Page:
Proper implementation of chatbots in healthcare requires diligence

By | July 28, 2020

While the technology for developing artificial intelligence-powered chatbots has existed for some time, a new viewpoint piece lays out the clinical, ethical and legal aspects that should be considered before applying them in healthcare. And while the emergence of COVID-19 and the social distancing that accompanies it has prompted more health systems to explore and apply automated chatbots, the authors of a new paper — published by experts from Penn Medicine and  the Leonard Davis Institute of Healthcare Economics — still urge caution and thoughtfulness before proceeding.

Because of the relative newness of the technology, the limited data that exists on chatbots comes primarily from research as opposed to clinical implementation. That means the evaluation of new systems being put into place requires diligence before they enter the clinical space, and the authors caution that those operating the bots should be nimble enough to quickly adapt to feedback.


Chatbots are a tool used to communicate with patients via text message or voice. Many chatbots are powered by artificial intelligence. The paper specifically discusses chatbots that use natural language processing, an AI process that seeks to “understand” language used in conversations and draws threads and connections from them to provide meaningful and useful answers.

Within healthcare, those messages, and people’s reactions to them, carry tangible consequences. Since caregivers are often in communication with patients through electronic health records — from access to test results to diagnoses and doctors’ notes — chatbots can either enhance the value of those communications or cause confusion or even harm.

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For instance, how a chatbot handles someone telling it something as serious as “I want to hurt myself” has many different implications.

In the self-harm example, there are several pertinent questions that apply. This touches first and foremost on patient safety: Who monitors the chatbot and how often do they do it? It also touches on trust and transparency: Would this patient actually take a response from a known chatbot seriously? 

It also, unfortunately, raises questions about who is accountable if the chatbot fails in its task. Moreover, another important question applies: Is this a task best suited for a chatbot, or is it something that should still be totally human-operated?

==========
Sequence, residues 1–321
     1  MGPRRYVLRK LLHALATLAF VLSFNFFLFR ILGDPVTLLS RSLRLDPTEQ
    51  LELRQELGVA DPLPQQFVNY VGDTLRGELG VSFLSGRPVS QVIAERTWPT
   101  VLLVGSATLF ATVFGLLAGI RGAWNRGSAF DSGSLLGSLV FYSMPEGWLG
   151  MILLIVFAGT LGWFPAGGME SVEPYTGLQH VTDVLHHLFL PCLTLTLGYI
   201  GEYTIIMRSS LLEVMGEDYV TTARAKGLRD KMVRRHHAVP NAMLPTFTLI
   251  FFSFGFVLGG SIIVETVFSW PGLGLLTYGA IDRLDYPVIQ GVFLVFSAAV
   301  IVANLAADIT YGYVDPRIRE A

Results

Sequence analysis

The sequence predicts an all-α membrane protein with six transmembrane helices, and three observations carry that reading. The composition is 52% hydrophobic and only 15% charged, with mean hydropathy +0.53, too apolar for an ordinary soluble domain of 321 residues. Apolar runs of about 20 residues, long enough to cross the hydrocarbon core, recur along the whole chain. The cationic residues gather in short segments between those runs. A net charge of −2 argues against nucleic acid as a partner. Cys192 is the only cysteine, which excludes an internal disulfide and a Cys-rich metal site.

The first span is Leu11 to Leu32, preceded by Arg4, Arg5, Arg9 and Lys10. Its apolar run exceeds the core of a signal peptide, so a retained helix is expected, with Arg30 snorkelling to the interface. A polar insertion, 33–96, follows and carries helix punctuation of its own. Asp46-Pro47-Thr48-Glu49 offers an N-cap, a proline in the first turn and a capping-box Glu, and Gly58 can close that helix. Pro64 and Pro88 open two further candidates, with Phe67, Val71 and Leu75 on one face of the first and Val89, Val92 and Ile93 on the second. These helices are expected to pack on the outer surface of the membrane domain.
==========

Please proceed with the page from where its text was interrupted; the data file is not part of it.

The team believes they have laid out key considerations that can inform a framework for decision-making when it comes to implementing chatbots in healthcare. These could apply even when rapid implementation is required to respond to events like the spread of COVID-19.

Among the considerations are whether chatbots should extend the capabilities of clinicians or replace them in certain scenarios; and what the limits of chatbot authority should be in different scenarios, such as recommending treatments or probing patients for answers to basic health questions.


Data published this month from the Indiana University Kelley School of Business found that chatbots working for reputable organizations can ease the burden on medical providers and offer trusted guidance to those with symptoms.

Researchers conducted an online experiment with 371 participants who viewed a COVID-19 screening session between a hotline agent — chatbot or human — and a user with mild or severe symptoms.

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They studied whether chatbots were seen as being persuasive, providing satisfying information that likely would be followed. The results showed a slight negative bias against chatbots’ ability, perhaps due to recent press reports cited by the authors. 

When the perceived ability is the same, however, participants reported that they viewed chatbots more positively than human agents, which is good news for healthcare organizations struggling to meet user demand for screening services. It was the perception of the agent’s ability that was the main factor driving user response to screening hotlines.

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